There are a few changes coming to voting in Pennsylvania that may help make it easier for state residents to vote. For instance, for the first time ever, absentee voters may apply for a ballot …
There are a few changes coming to voting in Pennsylvania that may help make it easier for state residents to vote. For instance, for the first time ever, absentee voters may apply for a ballot online.
Gov. Tom Wolf recently announced that since the online application became available, 4,300 voters used it to apply for an absentee ballot. Once a voter receives an application—those without internet can apply at their county’s elections bureau—he or she fills it out and returns it to his or her county’s elections bureau and receives a ballot through the mail. That ballot must then be filled out and hand-delivered or mailed to the local county board of elections.
“The success of letting people apply online for an absentee ballot proves that Pennsylvanians want voting to be more accessible,” said Gov. Wolf. “This was an important next step to modernize our elections, and I hope it encourages more voters to participate in our democracy.”
The deadline to apply for an absentee ballot is 5 p.m. on Tuesday, October 29 of this year, one week before the election. The deadline for county election offices to receive absentee ballots is just three days later, on the Friday before the election.
In August 2015, Gov. Wolf launched online voter registration. That resulted in more than 1.4 million applications for new or renewed voter registrations.
Other important changes to the state voting system are being pursued by state legislators, but have not yet been embraced by enough legislators to become law. One such advance would be a move to open primaries, which would allow voters not aligned with a party to vote in Democratic or Republican primaries.
A priority for the commonwealth’s fall agenda should be passing Senate Bill 300. This proposal would enable Pennsylvania’s unaffiliated, independent voters to have a voice in casting votes in either the Republican or Democrat ballot on Primary Election Day.
The idea of open primaries is one issue among numerous other election-reform measures, including redistricting reform and modernizing the absentee voting process, which will be debated this legislative session. We urge lawmakers in both parties to dust off Pennsylvania’s archaic Election Code, last updated in 1936, and consider primary reform as critical for the state’s voters and political process.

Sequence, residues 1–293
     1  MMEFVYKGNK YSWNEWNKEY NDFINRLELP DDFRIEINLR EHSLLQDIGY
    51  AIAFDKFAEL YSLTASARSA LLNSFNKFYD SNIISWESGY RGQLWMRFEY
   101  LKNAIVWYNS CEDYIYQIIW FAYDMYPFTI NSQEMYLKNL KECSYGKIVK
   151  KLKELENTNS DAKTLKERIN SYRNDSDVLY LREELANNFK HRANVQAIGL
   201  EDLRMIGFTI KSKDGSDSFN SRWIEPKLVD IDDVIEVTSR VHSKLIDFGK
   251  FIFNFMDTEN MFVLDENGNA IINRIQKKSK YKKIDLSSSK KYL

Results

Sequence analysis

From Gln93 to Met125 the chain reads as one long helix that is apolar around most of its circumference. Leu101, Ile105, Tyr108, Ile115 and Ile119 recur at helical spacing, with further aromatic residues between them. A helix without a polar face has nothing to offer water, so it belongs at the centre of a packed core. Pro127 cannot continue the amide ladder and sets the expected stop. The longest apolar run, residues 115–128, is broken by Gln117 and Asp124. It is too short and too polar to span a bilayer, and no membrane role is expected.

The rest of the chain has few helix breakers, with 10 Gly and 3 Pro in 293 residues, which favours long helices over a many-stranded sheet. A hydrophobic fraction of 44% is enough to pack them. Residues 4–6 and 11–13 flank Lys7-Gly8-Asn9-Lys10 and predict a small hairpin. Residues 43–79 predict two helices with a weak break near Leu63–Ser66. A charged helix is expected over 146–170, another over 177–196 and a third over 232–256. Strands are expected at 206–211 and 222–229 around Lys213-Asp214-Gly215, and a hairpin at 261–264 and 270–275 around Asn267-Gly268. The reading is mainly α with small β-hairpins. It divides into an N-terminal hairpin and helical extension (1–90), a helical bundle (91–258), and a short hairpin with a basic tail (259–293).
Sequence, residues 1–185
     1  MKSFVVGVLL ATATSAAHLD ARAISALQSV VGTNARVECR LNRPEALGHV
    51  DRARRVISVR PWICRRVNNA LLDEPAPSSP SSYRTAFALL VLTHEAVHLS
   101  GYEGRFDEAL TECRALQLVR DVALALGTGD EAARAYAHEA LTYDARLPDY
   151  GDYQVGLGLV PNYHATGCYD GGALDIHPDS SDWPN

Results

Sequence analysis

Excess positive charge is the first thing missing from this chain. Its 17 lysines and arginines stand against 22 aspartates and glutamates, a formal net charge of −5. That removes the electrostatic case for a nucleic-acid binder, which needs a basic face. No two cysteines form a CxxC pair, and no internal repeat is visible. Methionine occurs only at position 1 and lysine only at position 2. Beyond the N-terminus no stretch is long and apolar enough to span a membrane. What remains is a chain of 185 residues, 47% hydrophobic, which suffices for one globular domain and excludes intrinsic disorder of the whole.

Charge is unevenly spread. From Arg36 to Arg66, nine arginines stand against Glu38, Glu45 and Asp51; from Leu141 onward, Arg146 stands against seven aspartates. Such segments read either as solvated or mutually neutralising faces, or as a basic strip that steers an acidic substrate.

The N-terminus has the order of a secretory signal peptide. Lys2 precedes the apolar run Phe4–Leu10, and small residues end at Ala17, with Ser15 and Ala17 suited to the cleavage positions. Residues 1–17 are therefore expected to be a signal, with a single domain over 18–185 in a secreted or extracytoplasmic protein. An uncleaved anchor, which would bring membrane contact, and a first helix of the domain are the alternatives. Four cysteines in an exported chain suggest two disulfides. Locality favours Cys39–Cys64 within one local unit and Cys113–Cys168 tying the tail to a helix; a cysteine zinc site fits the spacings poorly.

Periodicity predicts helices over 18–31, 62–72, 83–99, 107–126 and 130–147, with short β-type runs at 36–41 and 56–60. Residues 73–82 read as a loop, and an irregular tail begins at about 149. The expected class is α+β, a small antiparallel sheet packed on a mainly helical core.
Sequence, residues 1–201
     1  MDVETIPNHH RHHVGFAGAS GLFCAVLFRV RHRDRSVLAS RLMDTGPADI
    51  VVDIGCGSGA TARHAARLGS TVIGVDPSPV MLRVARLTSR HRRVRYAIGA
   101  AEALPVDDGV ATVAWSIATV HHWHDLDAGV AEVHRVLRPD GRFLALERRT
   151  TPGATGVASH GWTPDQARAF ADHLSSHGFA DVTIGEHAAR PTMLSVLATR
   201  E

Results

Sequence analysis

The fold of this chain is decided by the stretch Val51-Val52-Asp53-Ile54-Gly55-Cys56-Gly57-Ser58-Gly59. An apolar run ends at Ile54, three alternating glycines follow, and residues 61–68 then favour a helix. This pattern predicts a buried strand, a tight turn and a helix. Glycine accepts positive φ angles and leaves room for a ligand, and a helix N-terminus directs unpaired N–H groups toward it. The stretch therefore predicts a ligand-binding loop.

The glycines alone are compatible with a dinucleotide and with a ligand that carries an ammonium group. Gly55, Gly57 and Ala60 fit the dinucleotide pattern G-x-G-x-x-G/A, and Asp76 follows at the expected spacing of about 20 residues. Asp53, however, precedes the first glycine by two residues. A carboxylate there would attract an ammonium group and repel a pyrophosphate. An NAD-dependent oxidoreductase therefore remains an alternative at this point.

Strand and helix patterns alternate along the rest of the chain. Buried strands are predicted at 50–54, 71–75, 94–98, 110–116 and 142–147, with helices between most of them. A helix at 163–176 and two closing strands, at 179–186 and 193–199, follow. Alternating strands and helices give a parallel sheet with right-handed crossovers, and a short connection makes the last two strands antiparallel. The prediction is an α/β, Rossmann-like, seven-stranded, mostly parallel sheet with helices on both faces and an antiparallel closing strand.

The fastest-growing group of voters in the state are not affiliated with any political party and, according to the Pennsylvania Department of State, those people now number nearly 800,000—that’s a 75 percent climb over the past eight years.
Only nine out of the 50 states continue with closed primaries where only registered Democrats and Republicans can participate. A bill that would have allowed open primary voting passed the Senate in June by a margin of 42 to eight. So far it has not been taken up by the House, but that may happen in this session.
But by far the most widely anticipated change in voting in the state is to change the way state and federal districts are drawn. Pennsylvania is unique in that, after the federal census, the two Democratic and two Republican leaders in the state, along with a fifth person often chosen by the Pennsylvania State Supreme Court (PSSC), decide on the new districts. After the census in 2010, Republicans dominated the PSSC, which lead to a lopsided redistricting process whereby Republicans took 13 of the state’s 18 Congressional districts even though there are slightly more registered Democratic voters in the state than Republicans.
Since then, the Democrats took over the PSSC and, sparked by a lawsuit brought by the PA League of Women Voters, the high court declared the district boundaries run afoul of the state constitution. Republicans tried to get the matter overturned in federal court, but the U.S. Supreme Court declined to get involved and the ruling stood. The result was that the congressional districts were re-drawn and, likely as a result, heavily Republican Wayne County now has a Democratic Congressman rather than a Republican one.
This process, however, did not change the shapes of the state Senate and House districts, which remained the same as before, and has thus far given a huge advantage to the Republican Party in maintaining control of the state Senate and House in Harrisburg.
Gov. Wolf appointed a commission to look at redistricting options preferred by the residents of the state. A month ago, the commission recommended that redistricting options be drawn up by an appointed panel rather than lawmakers.
Republicans in the state legislature may not agree to this change, but it would seem to be in their interest to agree to some changes, because the next census is in 2020, and the districts will again be re-drawn shortly after that. It is almost certain that the PSSC will retain a Democratic majority when the time comes, and if Republicans don’t agree to some changes, Democrats, with support from the court, could turn the tables on them and draw districts that are clearly unfair to the other side.
We want what the voters repeatedly say they want: a redistricting system where the voters chose the politicians instead of the politicians choosing the voters.